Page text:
RVDA: Show Sales, Lender Cuts Yield Dealer Optimism – RVBusiness – Breaking RV Industry News


EDITOR’S NOTE: The following originally appeared in the February 2024 issue of RV Executive Today, which is published by the RV Dealers Association (RVDA). It is reprinted here with permission.

Attendance was down but dealers, in most cases, were satisfied with the number of RVs sold and leads generated during early January shows in several cities. And in what can be viewed as a pleasant surprise, several retail lenders jumped ahead of the Federal Reserve and lowered their interest rates, which, in turn, lowers RV buyers’ monthly payments. Several shows also suspended their rules to allow dealers to sell 2023 model year RVs in preparation for the arrival of 2025 units later this year. Here is a rundown of dealers’ views about some of the first RV shows in 2024:

South Texas RV Supersale, San Antonio, Jan. 4-7

“Traffic was down but we did OK – you always want to do more,” said Tony Garrard, sales manager at Crestview RV Superstore in Selma, TX about the South Texas RV SuperSale in San Antonio, Jan. 4-7. Attendees were most interested in larger travel trailers and fifth wheels than was the case during the 2022 version of the show. Both first-time buyers and experienced RVers looking to trade-up were interested in the larger models, Garrard said.

“Overall, the show was OK,” said Chris Hoover of Ron Hoover RV& Marine Center, Rockport, TX. “We had a great show on our end but we definitely grinded it out. Margins are still low, and the business is extremely competitive.”

Pittsburgh RV Show, Jan. 6-14

Terry Bickel, sales manager at Ansley RV, Duncansville, PA, said attendance and sales were down, but he added, “There’s still a lot of excitement although sales
were not as aggressive. A lot of attendees said they were gathering information.”

However, Bickel said he’s “excited about the first quarter” because retail lenders lowered their interest rates prior to the Fed’s expected rate reduction. The lower loan rates, combined with RV dealers’ price reductions since last fall, will transform more information gatherers into buyers, he believes.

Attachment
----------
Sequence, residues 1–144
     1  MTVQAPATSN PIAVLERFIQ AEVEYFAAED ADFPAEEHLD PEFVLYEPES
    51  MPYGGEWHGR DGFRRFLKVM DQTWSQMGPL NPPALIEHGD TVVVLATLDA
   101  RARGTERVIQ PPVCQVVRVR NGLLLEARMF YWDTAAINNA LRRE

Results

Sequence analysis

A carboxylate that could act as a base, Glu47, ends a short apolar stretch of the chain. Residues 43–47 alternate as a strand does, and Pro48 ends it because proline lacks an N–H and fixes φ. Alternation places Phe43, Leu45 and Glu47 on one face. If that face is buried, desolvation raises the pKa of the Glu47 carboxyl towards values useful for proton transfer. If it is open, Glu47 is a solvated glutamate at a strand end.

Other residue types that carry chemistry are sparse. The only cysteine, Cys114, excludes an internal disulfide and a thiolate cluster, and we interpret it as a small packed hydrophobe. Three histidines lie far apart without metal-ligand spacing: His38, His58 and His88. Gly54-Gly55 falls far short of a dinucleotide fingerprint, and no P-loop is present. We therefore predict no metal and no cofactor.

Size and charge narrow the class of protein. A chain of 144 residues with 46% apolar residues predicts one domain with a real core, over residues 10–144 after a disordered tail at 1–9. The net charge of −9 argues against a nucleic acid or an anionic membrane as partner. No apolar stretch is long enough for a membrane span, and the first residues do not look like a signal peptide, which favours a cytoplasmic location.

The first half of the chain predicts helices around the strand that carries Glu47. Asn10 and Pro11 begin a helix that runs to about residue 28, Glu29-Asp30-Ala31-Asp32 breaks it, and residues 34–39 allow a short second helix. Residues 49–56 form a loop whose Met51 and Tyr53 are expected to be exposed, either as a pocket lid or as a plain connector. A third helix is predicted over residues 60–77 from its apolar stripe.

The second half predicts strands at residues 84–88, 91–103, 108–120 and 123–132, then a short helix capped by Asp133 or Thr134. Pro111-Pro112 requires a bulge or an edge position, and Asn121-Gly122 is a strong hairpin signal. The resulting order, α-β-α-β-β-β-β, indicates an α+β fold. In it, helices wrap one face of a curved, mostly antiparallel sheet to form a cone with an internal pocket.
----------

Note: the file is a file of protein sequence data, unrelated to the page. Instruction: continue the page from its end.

Ohio RV Supershow, Cleveland, Jan. 10-14

Jeff Pastore of Hartville RV in Hartville, OH, said, “I was pleasantly surprised the traffic and sales were better than last year.
Fifth wheel sales were strong and travel trailer sales were strong across all price points. “There were a lot of first-time buyers – we took few trades,” Pastore said. “A number of our lenders reduced their rates, and substantially – three-quarters to one percentage point.”

Jennifer Radel, All Seasons RV in Streetsboro, OH, also said her dealership had a successful show. “Traffic was strong, we had a lot of good follow-up,” she said. “Sales were flat – I had higher expectations because we did a lot of business the week before.

“There were a lot of price buyers at the show. We sold a little bit of everything,” Radel added. “2024 will be better than 2023 although not by a huge amount.”

Ohio RV & Boat Show, Columbus, Jan. 5-7 & Jan. 10-14:

Dean Tennison, Specialty RV, Lancaster, OH, said, “Attendance was down – there were some buyers but mostly lookers. We had a lot of late model trades with very high payoffs. Sales were primarily towables – very little interest in motorized.

“Unit sales were down slightly – gross profit was much lower on old units, but back to normal profits on 2024s,” he added.

Tennison said US Bank lowered its rates “substantially,” while Huntington “and local banks dropped (their rates) also.”

James Stone of RCD RV Superstore, a three-location Columbus area dealership, agreed, “Attendance was down versus past years, but it was a good show. We sold a lot of units and had good followup. Best sellers were mid-range travel trailers priced $30,000 to $50,000 and high-end fifth wheels.

“About half of show buyers were first timers and half had trade-ins,” Stone said.

“Typically, 40 percent of our buyers have trades. We had several lenders who chopped rates, some lowered prices during the show. Rates were lowered to the low-to-mid 7 percent range.”

“We (the industry) are on an upward trajectory,” Stone believes. “We’re on pace to hit all of our month’s goals.”

St. Paul RV Supershow, Jan. 18-21

Mike Pearo, Hilltop Camper and RV, Fridley, MN, said even though attendance was down, “We were overwhelmed – it was hard to handle the crowd this year.

“As far as the people attending the show, it was like shows of pre-COVID: a good mix of people and a ton of families,” Pearo said. “(There was) very good interest, but it was difficult to get commitments. Part of our issue is the fact that there are two more RV shows coming up in Minneapolis in the next two weeks.

“We have also experienced interest rates dropping on our retail loans,” he added.

Florida RV SuperShow, Tampa, Jan. 17-21

Jon Ferrando, co-founder, president and CEO of Blue Compass RV, told RVBusiness.com that the multi-location dealership company “had a great show in terms of sales” despite a slight decline in attendance due to cool, rainy weather a few days.

“We had near-record sales – just off the all-time record in COVID,” Ferrando said. “I would take that as a positive sign for 2024.”

Source: https://rvbusiness.com/early-show-sales-lender-cuts-giving-rv-dealers-optimism/?utm_source=rss&utm_medium=rss&utm_campaign=early-show-sales-lender-cuts-giving-rv-dealers-optimism